Wednesday, April 2, 2014

Pablo Neruda and me


I came to read about Neruda’s writings only a few years back and it kind of like a little late on my part to be introduced, for the first time, to such masterpieces wrought by the master wordsmith himself, Neftali Ricardo Reyes Basoalto in real life. I should have started reading his works when I was a lot younger. I should have been Neruda-struck so early, and many, many years before like it did not long ago. I instantly fell in love with his poetry but, in addition to the long lists of poems by the poets I admired starting with Shakespeare, the way it sunk in deep within was like being enmeshed with a kind of magic; each word fell into the trap of whose hands only you could wonder, leaving you with a knockout for what it could surprisingly show as a result.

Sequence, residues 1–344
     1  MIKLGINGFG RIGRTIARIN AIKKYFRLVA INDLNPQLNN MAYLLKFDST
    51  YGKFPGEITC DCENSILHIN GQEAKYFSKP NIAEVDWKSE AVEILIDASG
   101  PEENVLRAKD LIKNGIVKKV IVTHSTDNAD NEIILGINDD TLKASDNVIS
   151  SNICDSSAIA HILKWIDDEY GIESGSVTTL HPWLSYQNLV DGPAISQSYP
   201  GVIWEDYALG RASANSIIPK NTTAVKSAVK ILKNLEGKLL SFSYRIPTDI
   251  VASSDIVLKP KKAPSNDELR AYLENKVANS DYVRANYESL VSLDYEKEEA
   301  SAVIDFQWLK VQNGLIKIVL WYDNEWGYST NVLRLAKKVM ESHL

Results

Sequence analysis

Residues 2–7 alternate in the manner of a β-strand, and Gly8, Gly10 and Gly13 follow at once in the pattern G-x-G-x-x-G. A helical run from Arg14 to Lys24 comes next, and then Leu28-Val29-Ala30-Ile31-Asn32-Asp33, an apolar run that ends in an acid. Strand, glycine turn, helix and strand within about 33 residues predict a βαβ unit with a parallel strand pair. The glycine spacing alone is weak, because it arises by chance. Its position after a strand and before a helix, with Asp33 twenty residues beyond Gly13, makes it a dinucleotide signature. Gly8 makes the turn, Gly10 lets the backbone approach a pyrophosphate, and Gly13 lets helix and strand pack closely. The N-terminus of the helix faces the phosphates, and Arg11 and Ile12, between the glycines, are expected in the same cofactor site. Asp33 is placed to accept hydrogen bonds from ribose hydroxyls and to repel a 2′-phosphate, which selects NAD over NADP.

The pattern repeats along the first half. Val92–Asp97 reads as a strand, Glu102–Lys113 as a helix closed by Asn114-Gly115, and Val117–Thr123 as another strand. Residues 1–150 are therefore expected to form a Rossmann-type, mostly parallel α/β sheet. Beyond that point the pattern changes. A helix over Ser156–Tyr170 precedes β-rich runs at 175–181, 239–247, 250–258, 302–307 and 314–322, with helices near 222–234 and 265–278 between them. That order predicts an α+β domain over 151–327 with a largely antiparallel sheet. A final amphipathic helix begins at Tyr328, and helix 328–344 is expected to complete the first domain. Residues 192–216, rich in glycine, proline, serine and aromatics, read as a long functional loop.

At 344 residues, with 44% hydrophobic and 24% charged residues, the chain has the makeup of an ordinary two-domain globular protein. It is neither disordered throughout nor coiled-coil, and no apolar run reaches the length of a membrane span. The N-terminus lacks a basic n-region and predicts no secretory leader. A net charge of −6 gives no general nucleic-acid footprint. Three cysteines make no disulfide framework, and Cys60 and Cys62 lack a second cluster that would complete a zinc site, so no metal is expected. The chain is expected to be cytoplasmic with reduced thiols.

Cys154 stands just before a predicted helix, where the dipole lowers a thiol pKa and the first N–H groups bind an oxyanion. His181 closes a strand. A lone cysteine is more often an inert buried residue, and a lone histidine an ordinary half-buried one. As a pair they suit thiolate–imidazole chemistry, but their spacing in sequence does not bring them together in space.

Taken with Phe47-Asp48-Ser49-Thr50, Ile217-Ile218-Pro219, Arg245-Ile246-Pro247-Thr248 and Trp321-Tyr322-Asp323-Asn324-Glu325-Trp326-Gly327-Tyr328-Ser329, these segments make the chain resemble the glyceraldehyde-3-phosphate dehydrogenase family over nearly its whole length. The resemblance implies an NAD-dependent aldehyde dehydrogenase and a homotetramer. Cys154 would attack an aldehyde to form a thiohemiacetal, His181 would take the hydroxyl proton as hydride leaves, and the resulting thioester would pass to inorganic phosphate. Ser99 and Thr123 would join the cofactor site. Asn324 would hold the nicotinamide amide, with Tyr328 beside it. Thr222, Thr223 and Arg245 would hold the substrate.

Reading Neruda is, if you’re a natural poet, not just simply reading his works. It is to live with every word he was able to bring to life; to keep the consciousness flooding with a sense of knowing you’re a part of it. His poems carried the weight of a seemingly defined obscure which, in an attempt to bring something into the light of truth, will be deciphered to those who are willing to absorb.

Neruda is the poet who would either be forgotten or remembered. He ceased to become what will retain as memory; yet he will always be in the minds of those who can offer him love. Treat him as your beloved conquest, and you’ll have more of what he can abundantly offer.

While the artist in a man have long time ago perished in the flesh, this was how he can still connect: His presence could be felt through every well-wrought verse I produced. That may sound quite absurd, though, but that was just Neruda--and me.

2 comments:

  1. Replies
    1. He impressed us with how simple words could become extraordinary and powerful, yet some of his love poems are even more stunning.

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